Since he retired in 1987, one of Dr. Skultety's passions has been gardening. He took extensive course work to earn the designation of master gardener, one of only 172 master gardeners in Douglas and Sarpy counties. For the past 20 years, he served as a volunteer on Fridays at the Douglas County Extension Service manning the telephone for three hours to answer questions from the public during the gardening season.

Kathleen Cue, one of two master gardener program coordinators for the Douglas County Extension Service, was impressed with Dr. Skultety's volunteer efforts.

"Miles absolutely loved flowers," Cue said. "He had a real thirst for knowing more, so he took horticulture classes in Lincoln. He was in class with a bunch of kids. He had absolutely no problem rattling off the Latin names of plants. He was totally comfortable with these plant names.

"He did a wonderful job. We used to tape our master gardeners as they answered questions on the phone. I'll never forget one call that Miles handled. A lady had been mowing her yard when she started being attacked by what she thought were bees - actually they were wasps. She literally had to pull her blouse off so she didn't get stung. As she explained the situation to Miles, you could hear her start to calm down. By the time the call was over, she was so thankful to Miles. I can still remember him saying, 'You're most welcome, sweetheart.'"

Dr. Skultety volunteered more than 1,000 hours for the Douglas County Extension Service. He also was a member of the Omaha Orchid Society. His volunteer work for the Boy Scouts earned him both the Silver Beaver Award and the Silver Antelope Award.

His wife, Connie, died in 1998. His survivors include three sons, two daughters-in law and four grandchildren. The sons and daughters-in-law include: Chris and Delores, Longmont, Colo; Scott and Alice, Omaha; and Bill, Omaha.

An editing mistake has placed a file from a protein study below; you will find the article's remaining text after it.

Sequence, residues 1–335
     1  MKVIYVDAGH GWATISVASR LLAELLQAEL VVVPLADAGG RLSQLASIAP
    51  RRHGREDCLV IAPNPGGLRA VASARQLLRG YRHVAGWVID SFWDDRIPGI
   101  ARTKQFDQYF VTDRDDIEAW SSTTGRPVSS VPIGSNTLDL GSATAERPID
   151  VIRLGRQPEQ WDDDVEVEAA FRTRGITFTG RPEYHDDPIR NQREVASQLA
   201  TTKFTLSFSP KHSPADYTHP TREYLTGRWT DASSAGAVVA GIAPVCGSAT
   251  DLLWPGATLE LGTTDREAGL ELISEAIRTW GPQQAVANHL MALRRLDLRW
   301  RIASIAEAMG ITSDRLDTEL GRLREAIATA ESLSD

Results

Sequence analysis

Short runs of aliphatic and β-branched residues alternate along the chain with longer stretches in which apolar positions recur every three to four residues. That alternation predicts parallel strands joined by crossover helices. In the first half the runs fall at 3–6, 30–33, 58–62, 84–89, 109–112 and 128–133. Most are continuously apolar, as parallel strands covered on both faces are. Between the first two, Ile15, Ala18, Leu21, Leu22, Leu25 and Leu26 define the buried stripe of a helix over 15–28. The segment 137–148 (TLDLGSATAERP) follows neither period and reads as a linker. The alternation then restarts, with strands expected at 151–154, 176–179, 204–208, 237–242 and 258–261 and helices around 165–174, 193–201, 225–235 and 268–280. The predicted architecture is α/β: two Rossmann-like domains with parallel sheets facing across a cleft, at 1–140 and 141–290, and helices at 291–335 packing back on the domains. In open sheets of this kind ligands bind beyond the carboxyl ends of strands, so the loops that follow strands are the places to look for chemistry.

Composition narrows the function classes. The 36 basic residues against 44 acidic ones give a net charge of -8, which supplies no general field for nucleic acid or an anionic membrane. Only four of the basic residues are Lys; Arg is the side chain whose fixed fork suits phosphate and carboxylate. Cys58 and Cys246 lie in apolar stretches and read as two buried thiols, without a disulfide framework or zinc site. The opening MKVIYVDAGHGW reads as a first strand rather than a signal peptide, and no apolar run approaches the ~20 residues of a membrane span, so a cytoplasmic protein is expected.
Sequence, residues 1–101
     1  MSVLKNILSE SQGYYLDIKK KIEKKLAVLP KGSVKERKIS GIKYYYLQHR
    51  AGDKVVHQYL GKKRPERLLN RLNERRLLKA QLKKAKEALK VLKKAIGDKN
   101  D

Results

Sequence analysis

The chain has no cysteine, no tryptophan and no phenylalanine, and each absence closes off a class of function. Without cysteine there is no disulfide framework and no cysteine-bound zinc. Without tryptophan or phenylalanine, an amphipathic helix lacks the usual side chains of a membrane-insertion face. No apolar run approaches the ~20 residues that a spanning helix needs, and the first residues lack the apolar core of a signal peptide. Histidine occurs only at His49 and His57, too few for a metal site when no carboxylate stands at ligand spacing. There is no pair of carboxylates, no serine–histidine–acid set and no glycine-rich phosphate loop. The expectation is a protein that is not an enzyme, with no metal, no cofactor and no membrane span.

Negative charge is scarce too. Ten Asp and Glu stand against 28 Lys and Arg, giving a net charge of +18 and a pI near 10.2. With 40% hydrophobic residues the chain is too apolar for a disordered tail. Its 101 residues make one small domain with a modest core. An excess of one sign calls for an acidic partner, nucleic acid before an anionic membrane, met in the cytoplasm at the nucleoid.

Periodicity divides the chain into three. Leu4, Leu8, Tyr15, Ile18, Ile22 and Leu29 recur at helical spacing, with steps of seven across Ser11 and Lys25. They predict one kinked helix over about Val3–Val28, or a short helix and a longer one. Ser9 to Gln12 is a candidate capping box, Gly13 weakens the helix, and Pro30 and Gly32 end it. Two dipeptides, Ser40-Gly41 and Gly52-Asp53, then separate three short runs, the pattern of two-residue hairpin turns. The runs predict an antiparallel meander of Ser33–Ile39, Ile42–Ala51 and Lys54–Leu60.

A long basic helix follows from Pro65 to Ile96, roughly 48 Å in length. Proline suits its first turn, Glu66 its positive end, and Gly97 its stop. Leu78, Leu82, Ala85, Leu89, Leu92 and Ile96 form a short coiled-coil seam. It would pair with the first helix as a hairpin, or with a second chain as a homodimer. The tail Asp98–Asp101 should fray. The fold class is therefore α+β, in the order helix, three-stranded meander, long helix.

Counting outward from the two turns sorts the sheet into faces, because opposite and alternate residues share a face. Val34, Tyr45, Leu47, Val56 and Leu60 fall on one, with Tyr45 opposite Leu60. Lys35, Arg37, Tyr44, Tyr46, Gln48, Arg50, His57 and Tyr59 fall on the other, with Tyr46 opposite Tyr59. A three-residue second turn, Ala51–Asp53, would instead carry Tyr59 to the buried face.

In lieu of flowers, memorials should be made to the F. Miles Skultety Fund in Neurosurgery through the University of Nebraska Foundation, Opera Omaha, Omaha Symphony, or Boy Scouts of America - Mid-America Council.

What others are saying

"He was an excellent neurosurgeon and neurologist. He was a good friend to many. A fine man..who played a very important role at UNMC." -- Harry McFadden, Jr., M.D., retired chairman of UNMC's former Department of Medical Microbiology who also served twice as UNMC's interim chancellor

"Dr. Skultety was a visionary. He realized all pain problems couldn't be solved with surgery and medication. He looked for other solutions, including the idea of a behavioral pain program, which he eventually started at UNMC. He worked to create an interdisciplinary program to help patients become functional despite their pain." -- Tom Guck, Ph.D., a professor in the department of family medicine at Creighton University who was director of the pain management program at UNMC when Dr. Skultety was the program's medical director

"His gardening was one of the highlights of his retirement. He was very generous with his plants. He was a remarkable guy in many ways. He was a good administrator, who was always fair and honest. He always had the good of the hospital and his department in mind." -- Robert Grissom, M.D., professor emeritus, department of cardiology